WOULDN’T you know there is a by-election in the offing and a general election on the way?
Pledges, pledges and more pledges; the more the merrier it would seem. There seems to be no end to the pledging by all political parties. If I wasn’t such a pessimist, I would say we are in for a major windfall – at least, if we are to believe all the guff coming out of the mouths of those who are either in power or want to be.
In 1977, we saw the end of a Fine Gael/Labour coalition when Fianna Fáil promised to get rid of domestic rates. The country had gone through a few years of austerity – we hadn’t heard that word at the time but an unfortunate finance minister, Richie Ryan, carried the can for all that was wrong and the hardships we had to endure.
Truth be told, the problem was caused by previous Fianna Fáil administrations, but they had been put out of power and others were trying to clean up the mess. The problem with cleaning up the mess is that no sooner had it been swept into a heap than people forgot what it looked like or the stench it caused. The same applies to economics.
We have endured a few years of untold hardship thanks to a few years of recklessness by those who should have known better – or at least had been entrusted to do their best on our behalf.
Granted, those who came to clean up the mess broke every promise they made along the way. We have a whole raft of taxes they were adamant would not be introduced and there is no sign of any of them being abolished. Our health service is still a mess, the cost of education continues to rise and, no, we did not get back any money from Europe. Oh, and we did pay the bond holders.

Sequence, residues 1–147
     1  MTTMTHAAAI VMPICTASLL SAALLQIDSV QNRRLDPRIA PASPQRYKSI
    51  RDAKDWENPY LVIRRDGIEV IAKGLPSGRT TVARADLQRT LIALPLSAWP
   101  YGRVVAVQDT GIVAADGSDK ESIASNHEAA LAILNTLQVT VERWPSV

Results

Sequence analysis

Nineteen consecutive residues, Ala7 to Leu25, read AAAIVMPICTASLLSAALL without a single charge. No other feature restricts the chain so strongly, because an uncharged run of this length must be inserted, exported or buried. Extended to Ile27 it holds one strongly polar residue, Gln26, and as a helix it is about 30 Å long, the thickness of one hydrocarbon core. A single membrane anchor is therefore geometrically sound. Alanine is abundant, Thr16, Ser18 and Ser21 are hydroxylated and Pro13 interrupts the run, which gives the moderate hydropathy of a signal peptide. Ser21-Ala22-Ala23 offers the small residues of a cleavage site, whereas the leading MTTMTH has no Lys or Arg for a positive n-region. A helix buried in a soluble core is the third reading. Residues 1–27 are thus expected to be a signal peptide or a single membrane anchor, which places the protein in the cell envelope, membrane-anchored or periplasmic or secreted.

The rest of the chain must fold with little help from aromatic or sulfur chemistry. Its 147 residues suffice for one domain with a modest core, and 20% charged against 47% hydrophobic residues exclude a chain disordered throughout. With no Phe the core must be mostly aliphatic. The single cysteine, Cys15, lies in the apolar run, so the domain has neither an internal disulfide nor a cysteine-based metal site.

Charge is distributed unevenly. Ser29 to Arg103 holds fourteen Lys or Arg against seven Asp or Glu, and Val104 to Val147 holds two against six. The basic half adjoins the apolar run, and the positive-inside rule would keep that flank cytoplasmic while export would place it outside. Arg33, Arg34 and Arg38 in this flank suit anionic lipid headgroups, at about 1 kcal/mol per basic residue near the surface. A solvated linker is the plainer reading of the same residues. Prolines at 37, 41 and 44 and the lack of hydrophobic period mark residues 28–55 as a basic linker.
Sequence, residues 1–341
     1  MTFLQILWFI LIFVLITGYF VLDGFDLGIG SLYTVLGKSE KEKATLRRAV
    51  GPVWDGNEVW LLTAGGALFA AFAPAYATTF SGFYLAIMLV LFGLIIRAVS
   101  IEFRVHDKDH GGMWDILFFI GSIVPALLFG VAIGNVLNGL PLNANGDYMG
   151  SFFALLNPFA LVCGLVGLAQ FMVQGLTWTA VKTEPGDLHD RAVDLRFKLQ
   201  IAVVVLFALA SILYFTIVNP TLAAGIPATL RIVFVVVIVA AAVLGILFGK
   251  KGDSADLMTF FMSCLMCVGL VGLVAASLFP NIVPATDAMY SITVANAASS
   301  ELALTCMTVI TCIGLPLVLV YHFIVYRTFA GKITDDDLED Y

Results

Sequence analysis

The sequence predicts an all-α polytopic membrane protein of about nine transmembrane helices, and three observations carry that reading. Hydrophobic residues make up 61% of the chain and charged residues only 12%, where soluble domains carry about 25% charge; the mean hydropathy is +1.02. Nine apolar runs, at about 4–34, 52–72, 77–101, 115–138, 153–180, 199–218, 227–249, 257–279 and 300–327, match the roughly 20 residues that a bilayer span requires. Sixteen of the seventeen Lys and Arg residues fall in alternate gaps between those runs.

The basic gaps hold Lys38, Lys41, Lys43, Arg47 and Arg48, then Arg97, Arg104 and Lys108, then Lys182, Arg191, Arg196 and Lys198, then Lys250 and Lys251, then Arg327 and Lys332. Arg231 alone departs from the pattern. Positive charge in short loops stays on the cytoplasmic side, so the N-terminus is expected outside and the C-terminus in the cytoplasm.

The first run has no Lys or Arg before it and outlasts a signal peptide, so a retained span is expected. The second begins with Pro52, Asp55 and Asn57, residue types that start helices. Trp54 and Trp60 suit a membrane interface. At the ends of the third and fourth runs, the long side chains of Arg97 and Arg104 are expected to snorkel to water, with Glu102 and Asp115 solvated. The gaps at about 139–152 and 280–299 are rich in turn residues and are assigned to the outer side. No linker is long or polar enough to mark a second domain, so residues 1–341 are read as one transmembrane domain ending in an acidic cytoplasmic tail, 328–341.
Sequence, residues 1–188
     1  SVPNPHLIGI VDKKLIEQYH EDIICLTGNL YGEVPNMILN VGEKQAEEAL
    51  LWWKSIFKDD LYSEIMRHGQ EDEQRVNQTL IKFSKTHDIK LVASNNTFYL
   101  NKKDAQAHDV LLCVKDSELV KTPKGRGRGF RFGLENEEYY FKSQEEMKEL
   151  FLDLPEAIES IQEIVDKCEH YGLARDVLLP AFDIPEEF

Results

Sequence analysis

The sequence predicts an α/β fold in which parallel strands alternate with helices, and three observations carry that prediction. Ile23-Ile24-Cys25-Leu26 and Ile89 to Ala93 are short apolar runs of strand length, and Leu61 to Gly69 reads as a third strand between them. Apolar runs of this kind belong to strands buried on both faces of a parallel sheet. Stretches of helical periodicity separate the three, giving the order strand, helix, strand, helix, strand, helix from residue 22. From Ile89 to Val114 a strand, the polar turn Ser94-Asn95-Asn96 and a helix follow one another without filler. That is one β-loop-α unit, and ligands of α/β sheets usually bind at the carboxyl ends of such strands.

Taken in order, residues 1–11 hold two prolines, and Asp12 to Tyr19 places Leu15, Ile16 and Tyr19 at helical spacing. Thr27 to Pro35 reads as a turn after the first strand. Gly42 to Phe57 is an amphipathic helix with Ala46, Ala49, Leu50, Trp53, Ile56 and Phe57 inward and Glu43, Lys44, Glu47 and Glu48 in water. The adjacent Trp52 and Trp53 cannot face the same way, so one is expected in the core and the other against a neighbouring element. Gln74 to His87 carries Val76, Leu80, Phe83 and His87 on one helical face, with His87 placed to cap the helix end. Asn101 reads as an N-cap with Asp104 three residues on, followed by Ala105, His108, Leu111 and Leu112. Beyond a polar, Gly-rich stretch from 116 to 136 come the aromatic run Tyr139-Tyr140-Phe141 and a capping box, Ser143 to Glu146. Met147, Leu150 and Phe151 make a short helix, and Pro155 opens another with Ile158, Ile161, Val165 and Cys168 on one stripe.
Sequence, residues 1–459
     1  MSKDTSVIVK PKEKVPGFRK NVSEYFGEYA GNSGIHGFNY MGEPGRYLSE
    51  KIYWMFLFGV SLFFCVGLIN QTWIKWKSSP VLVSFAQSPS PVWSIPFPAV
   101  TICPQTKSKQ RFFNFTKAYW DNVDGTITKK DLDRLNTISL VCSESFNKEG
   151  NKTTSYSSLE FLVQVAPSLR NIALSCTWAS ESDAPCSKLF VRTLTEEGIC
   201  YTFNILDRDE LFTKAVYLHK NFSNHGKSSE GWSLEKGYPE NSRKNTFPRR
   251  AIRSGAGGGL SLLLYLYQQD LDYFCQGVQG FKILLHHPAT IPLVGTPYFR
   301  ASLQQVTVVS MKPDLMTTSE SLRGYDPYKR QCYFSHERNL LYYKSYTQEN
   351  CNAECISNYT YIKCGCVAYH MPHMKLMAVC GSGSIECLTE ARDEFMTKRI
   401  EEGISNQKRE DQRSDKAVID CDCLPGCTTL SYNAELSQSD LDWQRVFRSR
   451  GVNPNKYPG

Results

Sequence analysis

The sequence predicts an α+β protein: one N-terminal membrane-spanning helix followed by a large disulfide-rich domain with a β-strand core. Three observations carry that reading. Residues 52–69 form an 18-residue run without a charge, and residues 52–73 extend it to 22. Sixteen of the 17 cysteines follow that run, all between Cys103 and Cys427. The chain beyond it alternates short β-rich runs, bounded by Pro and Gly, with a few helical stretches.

But now it would seem that Fianna Fáil have the answer to all our problems. They are going to do away with the universal social charge – that same tax that their own minister for finance, the late Brian Lenihan, introduced at the height of the financial crisis as a short-term measure to raise much-needed money.
We were told it was going to be a temporary measure but, if truth be told, we all knew that no sooner would it be introduced than it would become permanent. Remember an emergency tax being introduced over 20 years ago when a building society got into trouble and the government bailed it out? That institution made a full recovery after a couple of years but the tax remained.
All employees hate the USC – whoever thought up that name deserves a medal because it doesn’t sound like a tax – because it takes a percentage off the top of your wages, irrespective of all the other taxes you pay.
First Micheál Martin made it known that Fianna Fáil will examine this tax and reduce rates. But now his finance spokesperson intends to go further and abolish it altogether. Shades of 1977, I think.
Wouldn’t it be great if you could believe them? But as much as I would like it to be true, I have difficulty believing that or anything else coming from the mouths of those in Dáil Éireann at present.
If history has taught us anything ,it is that change – at least in the political world – is very slow in coming.